John Leo

John Kerry has repeatedly spoken of President Bush's "ban" on stem cell research. Kerry knows very well it isn't a "ban" or that Bush isn't "shutting down" research. But "ban" is a powerfully emotional word. It has more impact on swing voters than "allowing private research, but not using taxpayer money for work on stem cell lines derived after Aug. 9, 2001."

Congressional Democrats have used this maneuver before, accusing Republicans of plans to "cut" Social Security (big emotional impact there) when the Republicans actually just wanted to reduce the rate of increase in funding. "Cut," like "ban," wasn't truthful, just useful.

The fact is that stem cell research is swimming in readily available funds. With luck, the elite press corps will discover this some time in October, and maybe even ask Kerry about it. The federal government is providing $24.8 million in research funds, which is $24.8 million more than  President Clinton offered. Money is pouring in from state governments, universities and pharmaceutical companies. If Kerry thinks this financial gusher still amounts to a ban, maybe he could get the Heinz Foundation or George Soros to pitch in.

Kerry spins the stem cell issue by saying, "Here in America, we don't sacrifice science for ideology." This is a line he has been using for weeks. It delivers two messages, both false: (1) there is no legitimate moral issue here (though plenty of bioethicists and plenty of Kerry supporters think there is); and therefore (2) this is a one-sided issue, pitting enlightened people against backward ideological types.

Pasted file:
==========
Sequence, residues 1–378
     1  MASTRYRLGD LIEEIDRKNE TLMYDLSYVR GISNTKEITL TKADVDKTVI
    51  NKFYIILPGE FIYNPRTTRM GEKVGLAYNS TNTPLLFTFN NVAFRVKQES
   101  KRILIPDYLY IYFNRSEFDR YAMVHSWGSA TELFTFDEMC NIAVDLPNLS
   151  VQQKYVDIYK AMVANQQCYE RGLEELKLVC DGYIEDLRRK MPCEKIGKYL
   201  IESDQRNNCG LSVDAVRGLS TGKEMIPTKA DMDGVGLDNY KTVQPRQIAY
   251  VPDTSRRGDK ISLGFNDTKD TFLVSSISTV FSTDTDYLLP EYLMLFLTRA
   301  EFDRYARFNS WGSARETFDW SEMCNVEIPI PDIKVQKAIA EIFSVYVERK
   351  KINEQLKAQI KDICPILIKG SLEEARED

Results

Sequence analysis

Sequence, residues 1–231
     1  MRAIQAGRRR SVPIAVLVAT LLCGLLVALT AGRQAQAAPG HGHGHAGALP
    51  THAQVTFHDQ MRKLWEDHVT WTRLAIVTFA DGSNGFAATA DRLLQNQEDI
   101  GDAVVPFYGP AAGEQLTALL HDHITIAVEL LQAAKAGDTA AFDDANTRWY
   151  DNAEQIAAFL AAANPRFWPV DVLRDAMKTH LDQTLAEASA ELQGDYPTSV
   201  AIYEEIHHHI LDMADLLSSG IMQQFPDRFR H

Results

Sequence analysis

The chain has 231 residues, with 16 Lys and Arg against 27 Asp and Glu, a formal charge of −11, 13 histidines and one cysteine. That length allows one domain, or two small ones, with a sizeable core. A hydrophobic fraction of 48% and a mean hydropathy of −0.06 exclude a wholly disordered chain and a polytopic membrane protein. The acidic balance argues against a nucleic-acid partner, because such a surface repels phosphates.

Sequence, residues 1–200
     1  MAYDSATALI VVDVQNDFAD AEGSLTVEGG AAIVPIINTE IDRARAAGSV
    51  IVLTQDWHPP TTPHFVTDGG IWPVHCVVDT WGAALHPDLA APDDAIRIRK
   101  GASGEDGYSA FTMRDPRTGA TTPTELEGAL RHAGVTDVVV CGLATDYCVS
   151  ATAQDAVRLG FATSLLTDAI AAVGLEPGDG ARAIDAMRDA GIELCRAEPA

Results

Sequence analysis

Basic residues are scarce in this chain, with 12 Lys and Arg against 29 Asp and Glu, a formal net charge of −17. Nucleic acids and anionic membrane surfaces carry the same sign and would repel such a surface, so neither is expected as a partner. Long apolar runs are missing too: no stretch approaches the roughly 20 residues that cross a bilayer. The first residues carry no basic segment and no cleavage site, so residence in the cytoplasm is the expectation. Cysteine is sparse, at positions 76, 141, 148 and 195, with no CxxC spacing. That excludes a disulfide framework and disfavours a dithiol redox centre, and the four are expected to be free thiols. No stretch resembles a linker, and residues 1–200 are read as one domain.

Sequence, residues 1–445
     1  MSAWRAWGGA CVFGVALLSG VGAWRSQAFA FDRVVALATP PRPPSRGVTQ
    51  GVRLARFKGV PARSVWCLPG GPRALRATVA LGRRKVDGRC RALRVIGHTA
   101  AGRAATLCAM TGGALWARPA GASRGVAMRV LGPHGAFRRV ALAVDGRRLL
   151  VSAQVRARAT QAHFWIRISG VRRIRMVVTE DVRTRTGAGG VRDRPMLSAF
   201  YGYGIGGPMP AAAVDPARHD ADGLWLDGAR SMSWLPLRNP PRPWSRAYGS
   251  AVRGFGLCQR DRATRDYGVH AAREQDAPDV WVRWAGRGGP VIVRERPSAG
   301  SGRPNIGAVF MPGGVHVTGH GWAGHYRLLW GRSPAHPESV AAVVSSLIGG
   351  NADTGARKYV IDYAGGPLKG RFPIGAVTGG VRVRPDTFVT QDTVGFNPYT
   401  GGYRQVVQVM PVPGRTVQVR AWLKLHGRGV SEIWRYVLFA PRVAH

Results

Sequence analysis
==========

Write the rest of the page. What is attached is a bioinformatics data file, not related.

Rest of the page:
Kerry is demagoging the issue, but in a sophisticated way, echoing the debate at the Scopes trial (science vs. religion) without explicitly raising the religion issue. According to a report in The Washington Post, "ideology trumps science" is the theme of a lobbying effort to discredit objections to more federal funding of embryonic stem cell research.

But Bush did not impose ideology; he came out with a compromise that gave each side of the stem cell debate half a loaf, allowing federal funding and research, but not federal support for work on new stem cell lines. Politicians almost always seek compromises, and here Bush was trying to accommodate people who see no moral problem in working with microscopic embryos, and those (count me in) who don't want to pay scientists to create human beings so they can dismember them for research.

(Yes, "human beings" stacks the argument, implying personhood. We need a different word. They are infinitesimal and not persons, but they are developing human entities. No matter what term you use, you are talking about human life and the issue of whether it is morally acceptable to kill it.)

John Leo

John Leo is editor of and a former contributing editor at U.S. News and World Report.

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